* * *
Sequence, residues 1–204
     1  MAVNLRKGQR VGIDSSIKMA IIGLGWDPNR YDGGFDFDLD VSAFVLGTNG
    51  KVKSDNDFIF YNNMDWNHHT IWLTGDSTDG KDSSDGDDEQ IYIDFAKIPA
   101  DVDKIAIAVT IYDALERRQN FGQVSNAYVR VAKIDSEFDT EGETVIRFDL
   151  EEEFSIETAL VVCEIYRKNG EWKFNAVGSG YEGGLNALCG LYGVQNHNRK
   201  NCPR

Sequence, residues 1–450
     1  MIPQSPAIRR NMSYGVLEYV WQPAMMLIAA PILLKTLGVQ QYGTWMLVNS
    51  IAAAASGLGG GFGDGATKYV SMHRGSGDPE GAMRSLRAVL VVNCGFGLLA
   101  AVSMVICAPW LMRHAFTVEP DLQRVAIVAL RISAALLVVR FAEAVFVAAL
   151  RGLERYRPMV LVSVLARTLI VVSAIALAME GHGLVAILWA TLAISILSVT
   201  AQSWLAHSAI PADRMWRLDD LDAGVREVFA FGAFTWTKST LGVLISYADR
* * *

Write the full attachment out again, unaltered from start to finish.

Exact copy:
Sequence, residues 1–204
     1  MAVNLRKGQR VGIDSSIKMA IIGLGWDPNR YDGGFDFDLD VSAFVLGTNG
    51  KVKSDNDFIF YNNMDWNHHT IWLTGDSTDG KDSSDGDDEQ IYIDFAKIPA
   101  DVDKIAIAVT IYDALERRQN FGQVSNAYVR VAKIDSEFDT EGETVIRFDL
   151  EEEFSIETAL VVCEIYRKNG EWKFNAVGSG YEGGLNALCG LYGVQNHNRK
   201  NCPR

Sequence, residues 1–450
     1  MIPQSPAIRR NMSYGVLEYV WQPAMMLIAA PILLKTLGVQ QYGTWMLVNS
    51  IAAAASGLGG GFGDGATKYV SMHRGSGDPE GAMRSLRAVL VVNCGFGLLA
   101  AVSMVICAPW LMRHAFTVEP DLQRVAIVAL RISAALLVVR FAEAVFVAAL
   151  RGLERYRPMV LVSVLARTLI VVSAIALAME GHGLVAILWA TLAISILSVT
   201  AQSWLAHSAI PADRMWRLDD LDAGVREVFA FGAFTWTKST LGVLISYADR